PRINCETON — The proposed tax levy for Princeton High School and a new web page for students and staff were on the agenda for the Princeton High School Board of Education.
At Wednesday’s meeting, the PHS Board approved a tentative 2013 tax levy which seeks $5,202,813 in property taxes, payable in 2014. Final board approval is expected in December.
In further detailing the proposed tax levy on Thursday, Superintendent Kirk Haring said the proposed tax levy represents a 2.3 percent increase over the current year. The Bureau County Supervisor of Assessment’s office is projecting the equalized assessed valuation (EAV) for PHS could be down by about $100,000. The district’s projected EAV is about $248 million. The new tax rate is projected to be $2.03, down from the current $2.05, Haring said.
In his report at Wednesday’s meeting, Principal Andy Berlinski announced a new web page is now available within the school for students and staff. The new web page, TigerCentral, will automatically load when students and staff open the Internet. The web page will include videos, highlights, and articles will be used as a tool to promote the many positive things the students are accomplishing, he said.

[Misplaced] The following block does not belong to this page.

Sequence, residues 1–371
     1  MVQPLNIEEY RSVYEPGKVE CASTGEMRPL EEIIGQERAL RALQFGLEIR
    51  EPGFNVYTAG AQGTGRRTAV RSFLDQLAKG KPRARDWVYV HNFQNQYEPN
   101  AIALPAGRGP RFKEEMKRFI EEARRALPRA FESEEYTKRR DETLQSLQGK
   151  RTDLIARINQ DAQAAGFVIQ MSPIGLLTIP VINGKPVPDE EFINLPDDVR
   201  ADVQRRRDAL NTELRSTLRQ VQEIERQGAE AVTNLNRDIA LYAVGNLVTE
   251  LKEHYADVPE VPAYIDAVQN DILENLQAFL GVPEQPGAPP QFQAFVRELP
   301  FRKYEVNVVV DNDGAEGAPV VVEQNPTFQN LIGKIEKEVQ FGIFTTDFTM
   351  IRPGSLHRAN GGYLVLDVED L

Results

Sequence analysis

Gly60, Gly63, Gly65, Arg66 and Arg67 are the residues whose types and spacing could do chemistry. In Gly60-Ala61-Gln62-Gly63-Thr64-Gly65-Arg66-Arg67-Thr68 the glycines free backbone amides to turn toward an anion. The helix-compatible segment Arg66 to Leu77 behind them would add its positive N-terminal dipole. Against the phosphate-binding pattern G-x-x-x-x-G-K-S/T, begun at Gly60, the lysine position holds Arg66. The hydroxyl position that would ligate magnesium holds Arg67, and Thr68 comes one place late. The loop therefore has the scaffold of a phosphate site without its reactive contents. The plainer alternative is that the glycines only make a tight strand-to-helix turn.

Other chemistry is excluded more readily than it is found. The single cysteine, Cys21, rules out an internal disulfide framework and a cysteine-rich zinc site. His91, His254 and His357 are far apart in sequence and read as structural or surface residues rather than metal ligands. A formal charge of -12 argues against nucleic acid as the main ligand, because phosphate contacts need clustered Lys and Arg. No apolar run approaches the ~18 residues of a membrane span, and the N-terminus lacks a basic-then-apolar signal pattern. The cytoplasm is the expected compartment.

Berlinski and PHS technology Director Steve Morton worked on the new web page for a month before unveiling it to students and staff this week. A media club, organized by the 21st Century Grant program, will give students the opportunity to take pictures, videos and interview each other for articles for the web page, Berlinski said.
“I am looking forward to seeing the content they put together,” he said.
Also at Wednesday’s meeting, the board gave authorization to Haring to apply for a School Energy Efficient Grant, which has a value up to $250,000. If the district receives the grant, he will recommend using the money to replace the roof on the science building and also to replace windows throughout the building, which are two of the larger projects still left to be done, Haring said.
However, the energy grants are prioritized and ranked according to need, based on, in part, a district’s EAV, Haring said. Since PHS is fortunate to have a nice EAV, he is not overly optimistic about getting the grant, but he still thinks he should apply, the superintendent said.
In staff news, the board accepted the resignations of Jason Bird, boys soccer coach, and Katie Sayler, as Student Council adviser, effective June 2014. The board also appointed Deb Dullard as director of guidance to replace current director Brian Church upon his retirement.
The board also recognized Kiley Korey, Brittany Hayes, Anna Zehr, Makenna Osborn, Jake Reeverts and Brock Griffin as November Students of the Month.
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